student cutting out shoe mold


The partnership’s goal is to accelerate innovation in high-tech, U.S.-based manufacturing involving fibers and textiles, and has the potential to create a whole new industry, based on breakthroughs in fiber technology and manufacturing. To facilitate the intersection of design and engineering for products made of advanced functional fibers, yarns and textiles, a brand-new workforce must be created and inspired by future opportunities. This workshop is a pilot education module to do just that. By bringing design and science together, the teams demonstrated the possibilities when the integration of mindsets from each area act and think as one.


Similarly to last year, the workshop brought together the knowledge and experience of the FIT and MIT faculty, industry professionals, and guest speakers. This year, students had the opportunity to develop product concepts for New Balance, a member of the AFFOA network. The students spent their first week at MIT and the second at FIT working on projects and prototypes, and on Friday, June 28, the teams presented their final projects at the headquarters of Lafayette 148 at the Brooklyn Navy Yard, with New Balance Creative Manager of Computational Design Onur Yuce Gun in attendance.

One of the teams presented a concept to develop a biodegradable lifestyle shoe using natural material alternatives, including bacterial cellulose and mycelium, capable of integrating future technologies sustainably. The project grew out of the challenge of addressing the fact that more than 300 million pairs of shoes are disposed of in landfills annually. Team members included: Giulia de Garay (FIT, Textile Development and Marketing), Rebecca Grekin (MIT, Chemical Engineering), · Kedi Hu (MIT, Chemical Engineering/Architecture), Nga Yi (Amy) Lam (FIT, Textile Development and Marketing), Daniella Koller (FIT, Fashion Design), and  Stephanie Stickle (FIT, Textile Surface Design).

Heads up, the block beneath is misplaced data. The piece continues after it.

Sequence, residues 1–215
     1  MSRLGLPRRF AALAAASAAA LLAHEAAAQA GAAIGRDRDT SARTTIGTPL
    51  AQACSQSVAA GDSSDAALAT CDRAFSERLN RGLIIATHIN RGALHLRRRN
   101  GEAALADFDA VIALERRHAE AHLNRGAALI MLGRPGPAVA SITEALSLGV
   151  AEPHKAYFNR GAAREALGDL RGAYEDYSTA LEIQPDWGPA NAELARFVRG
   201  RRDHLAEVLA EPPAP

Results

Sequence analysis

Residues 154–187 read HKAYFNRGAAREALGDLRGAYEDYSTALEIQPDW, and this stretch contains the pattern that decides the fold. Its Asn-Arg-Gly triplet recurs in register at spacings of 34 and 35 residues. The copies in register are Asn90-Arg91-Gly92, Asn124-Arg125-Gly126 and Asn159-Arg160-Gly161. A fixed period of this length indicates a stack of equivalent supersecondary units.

Another team explored the various ways that runners get hurt, sometimes from acute injuries but more often from overuse. Their solution is to incorporate intuitive textiles, as well as tech elements such as a silent alarm and LED display, into athletic clothing and shoes for the entry-level, competitive and expert runners. The goal is to help runners at all levels to eliminate distraction, know their physical limits, and be able to call for help. Team members included Rachel Cheang (FIT, Fashion Design/Knitwear), Jonathan Mateer (FIT, Accessories Design), and Caroline Liu (MIT, Materials Science and Engineering), and Xin Wen (MIT, Electrical Engineering and Computer Science).

FIT and visiting students from MIT look at shoe design during presentation at the Brooklyn Navy Yards
Student from FIT and visiting students from MIT present projects from the Advanced Fibers and Fabrics workshop during presentation at the Brooklyn Navy Yards
student holding tray of fabrics for the FIT Advanced Fibers and Fabrics workshop
dye with syringe held by student with a testing tray

Status Update

After a successful second iteration, FIT, MIT, and AFFOA are searching for ways to expand and improve the workshop for 2020.

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